Love the Sinner, Hate the Sin

7.29.2008

By Bill Chenevert

Though novelist Dennis McFarland has been happily married to his wife for over 25 years, he easily admits that before his marriage -- during the swinging 70's -- he dabbled in same-sex relations, as one of his Southern characters might have put it. 'I consider it an important and valuable part of my life experience, and it's entirely possible that it better equips me to write about gay characters -- and about people in general,' he says. McFarland sat down with Out to discuss his newest novel, Letter From Point Clear, and took the opportunity to sound off on the separation of church and gay, homophobes with their mind in the gutter, and embracing the Yankee in him after a Dixie childhood.

Out: Point Clear is deeply rooted in the South, but with a strong New England influence.
Dennis McFarland: I kind of stand with one foot in both places. I grew up in Alabama in the heart of Dixie, but left the south and have spent most of my adult life elsewhere ' in California, New York and New England. My family is all still down there and I continue to go back for visits, but I never feel like I quite belong in either place.

We see that tension play out mostly through Morris.
When I was writing about his feelings for the south, they were very close to my own -- the dread of going back, the fear of what I will encounter there. In New England I don't find that I bump up against people who think very differently from the way I think. Often the people that I bump up against [in the South] are people in my own family, which kind of loads it down.

Morris is a very logical and grounded gay character -- unlike so many who are often portrayed as divas with sassy comebacks.
You're always walking a fine line between writing characters who are somehow recognizable in terms of their type, but trying to be careful that they never become stereotypes. I think that Morris has a kind of ironic wit that we often associate with a certain kind of gay man. But what I tried to give him in addition to that is a big heart and a willingness to at least explore the building of bridges. These characters all come together with expectations of what they're going to find in each other and they find something different instead.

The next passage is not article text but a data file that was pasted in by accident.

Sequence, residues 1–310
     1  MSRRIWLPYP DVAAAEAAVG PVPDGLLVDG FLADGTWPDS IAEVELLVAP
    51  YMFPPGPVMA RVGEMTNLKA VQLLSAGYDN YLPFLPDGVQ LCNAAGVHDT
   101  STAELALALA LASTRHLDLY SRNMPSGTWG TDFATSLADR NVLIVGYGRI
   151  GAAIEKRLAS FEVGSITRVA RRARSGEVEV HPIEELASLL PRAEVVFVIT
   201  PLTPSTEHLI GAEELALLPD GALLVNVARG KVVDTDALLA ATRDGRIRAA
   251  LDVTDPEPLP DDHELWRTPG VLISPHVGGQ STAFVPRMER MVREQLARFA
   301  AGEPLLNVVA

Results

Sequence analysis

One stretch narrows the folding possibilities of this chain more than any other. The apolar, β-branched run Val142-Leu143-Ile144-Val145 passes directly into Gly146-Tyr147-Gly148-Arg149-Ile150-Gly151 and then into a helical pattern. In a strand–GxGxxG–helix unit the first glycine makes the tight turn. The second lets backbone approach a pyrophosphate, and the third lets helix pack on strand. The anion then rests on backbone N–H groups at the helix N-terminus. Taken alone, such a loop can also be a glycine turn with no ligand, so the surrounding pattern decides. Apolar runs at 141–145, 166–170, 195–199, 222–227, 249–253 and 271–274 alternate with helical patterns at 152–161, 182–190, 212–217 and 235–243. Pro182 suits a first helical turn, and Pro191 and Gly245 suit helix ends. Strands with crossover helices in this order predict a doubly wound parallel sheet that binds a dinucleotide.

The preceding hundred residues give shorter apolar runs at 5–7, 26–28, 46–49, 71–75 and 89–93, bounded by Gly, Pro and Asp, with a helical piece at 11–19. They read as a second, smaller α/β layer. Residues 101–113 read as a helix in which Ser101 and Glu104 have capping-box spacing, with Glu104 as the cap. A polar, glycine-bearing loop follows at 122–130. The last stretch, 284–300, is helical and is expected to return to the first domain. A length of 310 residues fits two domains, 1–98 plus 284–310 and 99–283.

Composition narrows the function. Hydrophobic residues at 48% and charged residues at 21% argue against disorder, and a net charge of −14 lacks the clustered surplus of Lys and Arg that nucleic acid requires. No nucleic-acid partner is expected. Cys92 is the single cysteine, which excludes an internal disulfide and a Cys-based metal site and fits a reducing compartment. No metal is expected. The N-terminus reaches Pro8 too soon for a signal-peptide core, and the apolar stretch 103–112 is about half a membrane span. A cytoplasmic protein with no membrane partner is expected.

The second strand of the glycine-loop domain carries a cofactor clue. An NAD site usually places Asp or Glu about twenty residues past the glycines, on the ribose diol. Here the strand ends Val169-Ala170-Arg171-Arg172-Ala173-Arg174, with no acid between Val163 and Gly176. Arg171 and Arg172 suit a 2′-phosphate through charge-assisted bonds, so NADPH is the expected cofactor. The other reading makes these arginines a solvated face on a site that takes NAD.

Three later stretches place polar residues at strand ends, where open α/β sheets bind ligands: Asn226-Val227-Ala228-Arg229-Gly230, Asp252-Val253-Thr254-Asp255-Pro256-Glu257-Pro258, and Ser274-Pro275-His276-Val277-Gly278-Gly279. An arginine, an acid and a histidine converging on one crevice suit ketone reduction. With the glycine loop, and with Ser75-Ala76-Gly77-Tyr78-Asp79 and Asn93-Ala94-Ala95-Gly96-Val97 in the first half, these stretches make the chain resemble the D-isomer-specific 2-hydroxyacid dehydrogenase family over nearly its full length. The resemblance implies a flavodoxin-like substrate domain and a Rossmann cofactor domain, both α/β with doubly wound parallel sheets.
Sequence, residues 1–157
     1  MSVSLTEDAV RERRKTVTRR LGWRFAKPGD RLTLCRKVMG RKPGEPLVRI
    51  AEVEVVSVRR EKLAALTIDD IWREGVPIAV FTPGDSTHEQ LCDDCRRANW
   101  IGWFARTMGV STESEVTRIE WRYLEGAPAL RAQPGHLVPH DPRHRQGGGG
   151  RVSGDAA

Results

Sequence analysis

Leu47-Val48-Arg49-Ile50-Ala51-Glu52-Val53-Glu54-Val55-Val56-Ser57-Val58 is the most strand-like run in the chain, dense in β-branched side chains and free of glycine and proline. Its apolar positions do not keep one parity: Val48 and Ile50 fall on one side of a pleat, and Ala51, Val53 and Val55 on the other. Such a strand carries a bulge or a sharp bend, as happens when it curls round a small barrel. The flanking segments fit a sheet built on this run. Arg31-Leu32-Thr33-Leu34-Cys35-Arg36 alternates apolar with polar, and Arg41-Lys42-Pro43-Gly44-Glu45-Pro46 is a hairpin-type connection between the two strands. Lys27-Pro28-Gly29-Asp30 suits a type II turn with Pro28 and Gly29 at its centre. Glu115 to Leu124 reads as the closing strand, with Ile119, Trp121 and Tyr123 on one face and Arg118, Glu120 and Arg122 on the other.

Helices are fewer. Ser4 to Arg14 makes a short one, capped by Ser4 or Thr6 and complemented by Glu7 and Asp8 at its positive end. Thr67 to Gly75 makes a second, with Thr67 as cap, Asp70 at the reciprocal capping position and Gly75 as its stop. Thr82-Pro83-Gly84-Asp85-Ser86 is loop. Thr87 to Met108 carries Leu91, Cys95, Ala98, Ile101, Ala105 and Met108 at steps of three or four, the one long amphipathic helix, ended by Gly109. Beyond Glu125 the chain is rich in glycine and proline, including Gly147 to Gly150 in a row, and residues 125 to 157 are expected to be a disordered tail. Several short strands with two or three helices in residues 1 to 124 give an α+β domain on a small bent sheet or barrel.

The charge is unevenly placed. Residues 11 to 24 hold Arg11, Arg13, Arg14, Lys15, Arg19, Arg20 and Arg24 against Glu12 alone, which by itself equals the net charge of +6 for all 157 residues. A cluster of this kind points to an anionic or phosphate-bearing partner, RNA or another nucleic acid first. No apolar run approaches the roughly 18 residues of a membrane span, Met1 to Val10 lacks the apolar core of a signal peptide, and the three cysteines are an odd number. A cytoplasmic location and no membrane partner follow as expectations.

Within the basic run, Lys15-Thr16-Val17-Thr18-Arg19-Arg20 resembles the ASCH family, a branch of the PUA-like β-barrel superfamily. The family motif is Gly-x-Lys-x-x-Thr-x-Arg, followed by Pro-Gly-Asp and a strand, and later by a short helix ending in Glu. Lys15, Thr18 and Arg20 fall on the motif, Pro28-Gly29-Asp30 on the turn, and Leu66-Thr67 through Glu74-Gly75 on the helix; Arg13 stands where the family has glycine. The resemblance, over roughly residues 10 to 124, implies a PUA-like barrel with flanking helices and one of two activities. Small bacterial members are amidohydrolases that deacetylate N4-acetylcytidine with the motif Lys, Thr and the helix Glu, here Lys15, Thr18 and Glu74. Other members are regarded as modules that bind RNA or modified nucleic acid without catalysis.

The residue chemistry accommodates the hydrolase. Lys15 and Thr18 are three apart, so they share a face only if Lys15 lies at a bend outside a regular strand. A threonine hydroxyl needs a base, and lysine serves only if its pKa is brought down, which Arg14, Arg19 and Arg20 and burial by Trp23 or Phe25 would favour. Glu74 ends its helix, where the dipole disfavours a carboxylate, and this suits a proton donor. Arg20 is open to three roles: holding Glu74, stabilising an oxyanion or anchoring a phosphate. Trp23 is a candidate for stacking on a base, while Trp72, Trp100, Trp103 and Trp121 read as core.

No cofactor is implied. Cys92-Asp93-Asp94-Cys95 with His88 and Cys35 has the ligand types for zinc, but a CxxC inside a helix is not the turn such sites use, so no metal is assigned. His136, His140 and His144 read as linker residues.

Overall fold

Did you have a specific experience that planted the seed for this book?
I went to the church that my parents had always gone to and it was a really weird experience for me. It was one of those mega-churches with the television screen and the jazz combo, but I tried to keep myself open-minded. Then it came to the sermon, which pretty quickly veered off into moral relativism and he gave one example of how the world is going downhill, morally: that there was now a state in our country that believes marriage is something other than the union between one man and one woman. At the time I thought, Ah ha! That'll be my conflict. I'll have a gay married man from Massachusetts come into contact with a southern evangelical preacher.

I don't understand how supposedly loving Christian communities can have so much animosity towards men loving men.
I think we're in a moment right now, in modern society, where a lot of Christian communities have stopped being traditionally homophobic and are trying to love the homosexual out of his sexuality. It's a kind of hate the sin but love the sinner approach. But of course that's not going to work for everybody. And the marriage thing is really putting that right up on the surface so that people are talking about it and arguing about it. There are people out there who are trying to come to terms with it, straight people within their spiritual community and within themselves. There are a lot of genuine Christians who just don't have a problem with it, too, and I'm one of those. To me it's just a clear civil rights issue.

The character of Pastor is an intriguing antagonist -- he's antigay, but also quite young and handsome.
Yeah, well, I wanted to make that part of the tension. I wanted to make him attractive so that would add a little something of tension to the situation.

There is a scene with a local man who buys beer for the young guys in town in order to get them drunk enough to let him suck them off. Pastor almost did it, but he changed his mind.
Pastor is one of these modern Christians who really strongly believes in loving the sinner but hating the sin, and trying to persuade, through love, the sinner away from the sin. And one of the things that Morris' sudden presence in his own family does is that he's got to look at all this stuff. It seems that you can ride along very happily with your feelings about things and your beliefs about things until they're challenged by real life. And a lot of the people who have very strong feelings about homosexuality and what the Bible says about it have never even met a homosexual. Having a real, genuine bona-fide gay person in the house makes him think 'Oh yeah, there was that time when I was young...' There aren't very many straight men who haven't had gay thoughts.

Gay fiction so often tries to prove something by being graphic, but there isn't much sex in Letter From Point Clear.
There's this thing about when you put a man and a woman in a room together, there's a certain level of sexual tension assumed because they're alone in a room together. When you have gay characters it seems to me that you're obliged to acknowledge that as well. We encounter gay characters and they're never just characters who happen to be gay -- somehow their sexual proclivities have to be a part of the picture. I think that acknowledges, at the heart of it, part of what homophobia is really all about, that people can't get their mind out of the gutters. They're actually thinking about what this person does, looking at this guy sitting at an office desk, but what they're thinking about is what he's doing at home.

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